Questions and Answers on the Object of Devotion Chapter11-1

Questions and Answers on the Object of Devotion Chapter11-1

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There is the case of [Emperor Gotoba] the eighty-second human sovereign, known as the Retired Emperor of Oki. In the third year of Jōkyū [1221], the year with the cyclical sign kanoto-mi, on the fifteenth day of the fifth month, his forces attacked and killed Iga Tarō Hōgan Mitsusue.20 Thereupon they took the field against Yoshitoki of the Kamakura shogunate.

The retired emperor in time called out all the warriors of the five regions around the capital and the seven marches in an effort to defeat the Acting Administrator Yoshitoki of Kamakura in Sagami Province, but on the contrary his own forces were defeated by Yoshitoki. In the end the retired emperor himself was exiled to the island province of Oki, his two imperial sons21 were exiled to the provinces of Sado and Awa respectively, and seven high-ranking officials in the imperial court were summarily beheaded.

Why did this come about? For the emperor, the ruler of the nation, to attack Yoshitoki, a mere subject, would seem to be as easy as for a hawk to seize a pheasant or a cat to devour a mouse. And yet in this case, the cat was devoured by the mouse, the hawk was seized by the pheasant.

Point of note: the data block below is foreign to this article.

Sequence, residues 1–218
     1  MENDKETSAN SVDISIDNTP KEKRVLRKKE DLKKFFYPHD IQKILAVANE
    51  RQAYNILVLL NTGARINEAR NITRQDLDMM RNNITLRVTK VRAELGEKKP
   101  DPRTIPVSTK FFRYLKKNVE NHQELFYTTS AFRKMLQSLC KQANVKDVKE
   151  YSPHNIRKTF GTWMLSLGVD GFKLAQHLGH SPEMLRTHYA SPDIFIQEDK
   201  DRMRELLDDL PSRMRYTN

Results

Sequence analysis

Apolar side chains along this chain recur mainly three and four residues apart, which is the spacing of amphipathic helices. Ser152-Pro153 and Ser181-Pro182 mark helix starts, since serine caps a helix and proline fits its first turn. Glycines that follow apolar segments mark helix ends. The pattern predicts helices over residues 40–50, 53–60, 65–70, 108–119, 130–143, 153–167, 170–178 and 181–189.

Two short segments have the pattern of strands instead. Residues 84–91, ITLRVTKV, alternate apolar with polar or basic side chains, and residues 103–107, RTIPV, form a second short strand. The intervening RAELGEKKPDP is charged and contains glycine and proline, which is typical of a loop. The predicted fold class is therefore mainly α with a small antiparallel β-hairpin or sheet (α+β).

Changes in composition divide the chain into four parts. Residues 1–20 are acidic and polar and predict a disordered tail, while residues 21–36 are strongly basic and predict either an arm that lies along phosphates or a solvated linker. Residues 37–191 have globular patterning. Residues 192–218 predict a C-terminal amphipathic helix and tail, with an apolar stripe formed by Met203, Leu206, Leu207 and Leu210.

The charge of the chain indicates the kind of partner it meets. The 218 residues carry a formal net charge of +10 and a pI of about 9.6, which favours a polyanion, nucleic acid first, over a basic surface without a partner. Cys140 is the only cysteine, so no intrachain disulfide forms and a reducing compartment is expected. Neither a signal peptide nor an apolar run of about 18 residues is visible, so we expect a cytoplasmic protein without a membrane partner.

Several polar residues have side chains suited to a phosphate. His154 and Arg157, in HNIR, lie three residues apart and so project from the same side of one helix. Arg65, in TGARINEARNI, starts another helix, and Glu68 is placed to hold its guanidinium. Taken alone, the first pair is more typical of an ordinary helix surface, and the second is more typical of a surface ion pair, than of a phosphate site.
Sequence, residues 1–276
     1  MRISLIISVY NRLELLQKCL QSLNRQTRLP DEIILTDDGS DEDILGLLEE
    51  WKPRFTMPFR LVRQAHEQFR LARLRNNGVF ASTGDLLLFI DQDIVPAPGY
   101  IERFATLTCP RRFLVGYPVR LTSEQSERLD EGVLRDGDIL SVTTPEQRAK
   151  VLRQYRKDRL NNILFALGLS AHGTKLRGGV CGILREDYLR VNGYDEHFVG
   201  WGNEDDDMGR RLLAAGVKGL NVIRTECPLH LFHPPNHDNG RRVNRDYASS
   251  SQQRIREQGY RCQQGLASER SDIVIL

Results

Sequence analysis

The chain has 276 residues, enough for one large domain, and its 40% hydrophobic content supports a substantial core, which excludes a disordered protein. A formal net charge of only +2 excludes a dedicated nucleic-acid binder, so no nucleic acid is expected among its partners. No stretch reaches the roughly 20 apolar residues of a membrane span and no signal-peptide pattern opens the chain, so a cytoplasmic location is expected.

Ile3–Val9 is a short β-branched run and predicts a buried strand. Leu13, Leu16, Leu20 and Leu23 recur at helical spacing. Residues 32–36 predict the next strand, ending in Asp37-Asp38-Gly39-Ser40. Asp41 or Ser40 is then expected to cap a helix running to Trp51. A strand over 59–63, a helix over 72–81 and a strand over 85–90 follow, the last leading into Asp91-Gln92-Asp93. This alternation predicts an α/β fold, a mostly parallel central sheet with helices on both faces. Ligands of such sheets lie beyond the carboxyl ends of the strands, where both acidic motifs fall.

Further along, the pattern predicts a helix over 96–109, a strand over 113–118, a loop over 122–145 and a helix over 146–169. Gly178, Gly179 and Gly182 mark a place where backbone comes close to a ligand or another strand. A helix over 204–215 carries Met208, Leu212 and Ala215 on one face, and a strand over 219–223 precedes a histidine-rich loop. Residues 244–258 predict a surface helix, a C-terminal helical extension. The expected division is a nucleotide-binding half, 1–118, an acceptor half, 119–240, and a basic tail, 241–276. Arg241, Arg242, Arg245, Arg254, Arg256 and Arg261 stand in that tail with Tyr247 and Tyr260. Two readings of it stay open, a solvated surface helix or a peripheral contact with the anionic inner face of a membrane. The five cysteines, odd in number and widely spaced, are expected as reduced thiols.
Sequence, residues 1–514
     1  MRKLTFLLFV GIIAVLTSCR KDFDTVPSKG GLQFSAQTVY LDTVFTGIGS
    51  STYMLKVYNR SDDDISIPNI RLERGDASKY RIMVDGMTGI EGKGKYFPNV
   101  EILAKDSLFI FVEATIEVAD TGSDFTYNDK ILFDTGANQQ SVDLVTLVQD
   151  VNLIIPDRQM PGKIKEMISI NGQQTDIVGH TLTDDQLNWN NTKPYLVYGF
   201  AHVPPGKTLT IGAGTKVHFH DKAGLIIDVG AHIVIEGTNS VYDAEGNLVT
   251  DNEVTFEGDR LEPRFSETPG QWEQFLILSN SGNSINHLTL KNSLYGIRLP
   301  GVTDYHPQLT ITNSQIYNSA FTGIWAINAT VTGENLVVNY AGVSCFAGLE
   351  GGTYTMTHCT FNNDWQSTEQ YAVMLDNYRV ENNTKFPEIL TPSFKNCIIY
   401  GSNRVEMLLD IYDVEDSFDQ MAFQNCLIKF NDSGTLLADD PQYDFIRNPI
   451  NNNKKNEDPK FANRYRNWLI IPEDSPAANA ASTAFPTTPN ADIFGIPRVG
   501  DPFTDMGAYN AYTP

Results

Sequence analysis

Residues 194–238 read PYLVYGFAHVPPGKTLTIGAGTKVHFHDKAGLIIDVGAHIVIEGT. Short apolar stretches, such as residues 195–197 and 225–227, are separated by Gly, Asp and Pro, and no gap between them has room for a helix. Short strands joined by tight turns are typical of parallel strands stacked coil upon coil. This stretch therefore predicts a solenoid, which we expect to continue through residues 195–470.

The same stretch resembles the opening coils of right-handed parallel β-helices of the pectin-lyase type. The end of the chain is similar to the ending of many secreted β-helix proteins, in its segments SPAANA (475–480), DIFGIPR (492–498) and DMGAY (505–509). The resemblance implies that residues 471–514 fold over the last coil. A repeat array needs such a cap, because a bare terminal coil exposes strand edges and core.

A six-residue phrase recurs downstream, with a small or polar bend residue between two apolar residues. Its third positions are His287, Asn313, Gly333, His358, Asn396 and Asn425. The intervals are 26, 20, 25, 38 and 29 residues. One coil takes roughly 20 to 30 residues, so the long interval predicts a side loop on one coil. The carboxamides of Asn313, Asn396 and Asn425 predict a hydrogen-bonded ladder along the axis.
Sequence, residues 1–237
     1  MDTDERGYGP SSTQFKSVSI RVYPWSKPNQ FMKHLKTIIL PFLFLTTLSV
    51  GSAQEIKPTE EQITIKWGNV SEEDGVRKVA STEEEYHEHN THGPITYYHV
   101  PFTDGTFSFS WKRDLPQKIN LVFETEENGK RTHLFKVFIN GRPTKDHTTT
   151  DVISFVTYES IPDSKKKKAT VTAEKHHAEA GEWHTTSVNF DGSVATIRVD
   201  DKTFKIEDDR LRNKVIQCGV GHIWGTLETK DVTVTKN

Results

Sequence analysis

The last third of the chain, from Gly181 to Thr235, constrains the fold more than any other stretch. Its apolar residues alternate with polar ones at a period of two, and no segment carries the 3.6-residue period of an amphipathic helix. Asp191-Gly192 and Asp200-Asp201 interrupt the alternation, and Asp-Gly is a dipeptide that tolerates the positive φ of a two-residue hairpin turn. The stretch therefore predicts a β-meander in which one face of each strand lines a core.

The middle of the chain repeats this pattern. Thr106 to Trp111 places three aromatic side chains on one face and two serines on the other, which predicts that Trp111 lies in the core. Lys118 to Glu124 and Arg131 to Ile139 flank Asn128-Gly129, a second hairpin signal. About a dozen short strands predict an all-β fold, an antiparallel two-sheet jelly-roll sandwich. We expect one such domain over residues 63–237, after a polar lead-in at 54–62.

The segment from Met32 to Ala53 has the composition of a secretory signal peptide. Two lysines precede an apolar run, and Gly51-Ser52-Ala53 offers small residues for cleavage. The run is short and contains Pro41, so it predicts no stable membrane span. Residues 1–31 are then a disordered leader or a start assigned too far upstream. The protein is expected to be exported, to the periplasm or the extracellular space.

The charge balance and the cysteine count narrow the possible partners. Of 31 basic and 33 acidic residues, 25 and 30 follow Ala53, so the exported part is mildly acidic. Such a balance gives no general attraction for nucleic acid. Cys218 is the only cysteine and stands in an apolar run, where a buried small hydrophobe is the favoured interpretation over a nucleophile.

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20. In 1219 Iga Mitsusue became a military governor of Rokuhara in Kyoto whose duties included supervision of the political, military, and judicial affairs of the southwestern half of Japan. During the Jōkyū Disturbance of 1221, he refused to join forces with the Retired Emperor Gotoba.

21. The Retired Emperors Tsuchimikado and Juntoku.

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